Twin Oaks Head Professional Troy Ferguson says the versatility of No. 15 makes it one of the great strategy holes in JC Golf. Ferguson says the options even include, for those who play a fade, hitting it at the water.

“Take your 130- to 150-yard club and hit your pull-slice and you’ll end up hitting your second from a perfectly flat spot at a comfortable distance,” he says.

For some golfers, that would be eight- or nine-iron off the tee, which means everything above wedge truly is an option.

But Ferguson mostly espouses playing the hole straight away.

“Your best bet is to just hit it straight and long and let the contour of the course work for you,” he says. “ If you push it right, the hill likely will kick you into the upper fairway. If you hit the right fairway, you might end up on the lower left fairway. Either way, you’re set to go pin hunting.”

Players who decide to hit driver and go for the green need to weigh that decision, Ferguson says, in part based on how their round is going and factor in past success.

“Play to your strengths and build on what your game has been telling you all day,” he says. “Don’t expect to be able to hit a big draw around the corner if you haven’t been able to hit a draw all round.

“No. 15 offers you the opportunity to play whatever ball flight you have been playing all round.”

      JC Golf would love to hear your favorite strategies and success stories for No. 15 at Twin Oaks. Feel to post a comment and share your experiences at http://www.jcgolf.com.

Highlight Hole: No. 18 at Dove Canyon CC

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I’m choosing one hole at Dove Canyon Golf Club partly because I’ve got a great photo of it and partly because of my unique experience there, but you really can’t go wrong selecting about any hole at this Jack Nicklaus Signature Design course in Trabuco Canyon.

Arriving at the tee at 18 brings about mixed emotions.

The high is that you’re about to discover the fabulous finishing hole you can see from the putting green of the clubhouse. The low is that an extraordinary golf experience is coming to the end.

Dove was one of my favorite Southern California golf discoveries last year for a host of reasons, which I’ll get into. I got to play there through my connection with Southland Golf Magazine.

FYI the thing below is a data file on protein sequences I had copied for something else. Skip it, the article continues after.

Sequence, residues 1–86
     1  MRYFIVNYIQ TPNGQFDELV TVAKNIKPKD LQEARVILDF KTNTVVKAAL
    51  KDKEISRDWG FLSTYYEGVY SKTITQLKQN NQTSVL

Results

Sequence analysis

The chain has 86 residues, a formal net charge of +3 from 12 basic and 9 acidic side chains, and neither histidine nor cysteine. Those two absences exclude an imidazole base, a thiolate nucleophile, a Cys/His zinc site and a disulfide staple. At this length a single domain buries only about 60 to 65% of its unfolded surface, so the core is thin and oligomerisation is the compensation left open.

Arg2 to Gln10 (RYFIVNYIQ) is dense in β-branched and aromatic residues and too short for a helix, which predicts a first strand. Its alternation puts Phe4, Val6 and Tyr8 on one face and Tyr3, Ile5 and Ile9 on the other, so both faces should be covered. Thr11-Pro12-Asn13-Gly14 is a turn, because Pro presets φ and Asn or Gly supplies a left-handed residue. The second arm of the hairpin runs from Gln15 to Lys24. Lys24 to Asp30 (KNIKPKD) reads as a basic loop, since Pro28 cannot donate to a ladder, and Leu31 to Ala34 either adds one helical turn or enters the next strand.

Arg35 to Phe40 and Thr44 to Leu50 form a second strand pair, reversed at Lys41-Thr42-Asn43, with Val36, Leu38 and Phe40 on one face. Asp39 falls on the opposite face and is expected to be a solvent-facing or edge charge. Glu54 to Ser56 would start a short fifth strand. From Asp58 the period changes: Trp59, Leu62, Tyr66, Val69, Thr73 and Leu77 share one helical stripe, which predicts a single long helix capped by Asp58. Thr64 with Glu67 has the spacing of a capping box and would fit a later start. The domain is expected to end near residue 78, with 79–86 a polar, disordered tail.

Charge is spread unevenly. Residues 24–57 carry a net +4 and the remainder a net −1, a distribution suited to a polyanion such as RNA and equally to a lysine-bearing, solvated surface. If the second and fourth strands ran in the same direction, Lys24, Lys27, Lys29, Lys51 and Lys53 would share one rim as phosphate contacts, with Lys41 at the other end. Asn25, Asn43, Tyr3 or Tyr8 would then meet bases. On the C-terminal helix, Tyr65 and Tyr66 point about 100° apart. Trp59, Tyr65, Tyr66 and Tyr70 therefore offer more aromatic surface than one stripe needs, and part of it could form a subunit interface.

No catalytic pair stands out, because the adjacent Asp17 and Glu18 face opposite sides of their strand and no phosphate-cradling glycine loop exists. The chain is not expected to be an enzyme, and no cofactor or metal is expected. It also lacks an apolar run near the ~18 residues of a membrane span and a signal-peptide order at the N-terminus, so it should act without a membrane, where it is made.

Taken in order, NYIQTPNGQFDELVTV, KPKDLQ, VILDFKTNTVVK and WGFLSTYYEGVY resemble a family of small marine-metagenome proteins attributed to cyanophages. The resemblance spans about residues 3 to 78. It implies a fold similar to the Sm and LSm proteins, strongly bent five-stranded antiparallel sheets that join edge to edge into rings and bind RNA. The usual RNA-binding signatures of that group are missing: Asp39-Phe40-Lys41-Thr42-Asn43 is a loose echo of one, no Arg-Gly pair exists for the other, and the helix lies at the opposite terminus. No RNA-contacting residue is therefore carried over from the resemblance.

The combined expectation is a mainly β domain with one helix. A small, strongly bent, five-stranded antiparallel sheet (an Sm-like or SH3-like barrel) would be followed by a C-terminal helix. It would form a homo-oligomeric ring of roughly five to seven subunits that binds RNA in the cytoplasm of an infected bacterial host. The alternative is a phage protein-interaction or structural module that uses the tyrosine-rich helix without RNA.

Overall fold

I mention this because Southland Golf is presenting a unique opportunity for you to play Dove, a private club. Via something called the 2014 Southland Golf Series, you can play Dove on March 31st for $85, which includes a continental breakfast, a sleeve of balls, appetizers and raffle prizes. You can register at southlandgolfseries.com or by calling (714) 796.3620.

Besides a fantastic golf course surrounded by beautiful mountain surroundings, you also get access to one of the best practice facilities in the area. Hitting balls into a mountain backdrop at Dove is one of the best range experiences around, and it only gets better from there.

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The practice range at Dove  

Considering yourself warned: Dove is a tough course. I played reasonably well there partly due to being guided by the head pro for most of the round. On your own, expect to earn every par and birdie. In particular, Dove boasts the toughest par-5 I’ve played in California, the 557-yard 11th. Tight barely begins to describe this hole. The entire fairway feels like it’s being played in a four-lane bowling alley – with a tree in the middle.

Amongst the most memorable holes are two elevated par-3s – Nos. 10 and 17. No. 10 plays 198 yards (212 from the back tees) into the wind. I reached with possibly the best hybrid of my life.

No. 17 is a real showstopper and sets the stage perfectly for 18. The 17th plays 205 from the back tees and 162 from the blues, but doesn’t play nearly that long because you’re basically hitting it off the top of a five-story building to a green below with dramatic drop-offs on the front and back.

The view from the tee into the canyon makes you do a double take the first time you see it, and it’s a blast to play. I hit 8-iron to the back of the green, but should’ve gone with a 9 and maybe could’ve gotten there with a pitching wedge. The ball carries forever.

It included this hole in my list of the nine best par-3s I played last year.

You hopefully walk off with par or birdie on 17 to give you momentum going into 18, which is an aesthetically astounding finishing hole but hardly a bear to play.

Playing to 432 yards from the back tees and 389 from the blues, you simply want to avoid the tranquil pond on the right and give yourself a reasonable approach to a green backed by a gigantic waterfall.

My experience at this hole went to another level when I reached my second shot. There was a deer drinking from the pond. A look down the fairway revealed an entire herd, several of which were congregated on or behind the green.

The game at the point seemed to change from playing golf to not spooking the deer as members of our foursome took more shots with their camera phones than their clubs.

I have no idea what I scored on that hole, but I know I’ve got 20-some deer photos on my phone. It was an ending the likes of which I’ve never had on a golf course before and one I’ll always remember.

I, however, wouldn’t mind going back and going for birdie on a finishing hole that has rate with the best in the area. It rivals 18 at Sherwood for best setting for a finishing hole.

Mr. Nicklaus did a lot of great work at Dove, but 18 is truly a masterpiece. I hope you get a chance to experience it because I have a feeling you’ll walk away feeling the same way about it that I do.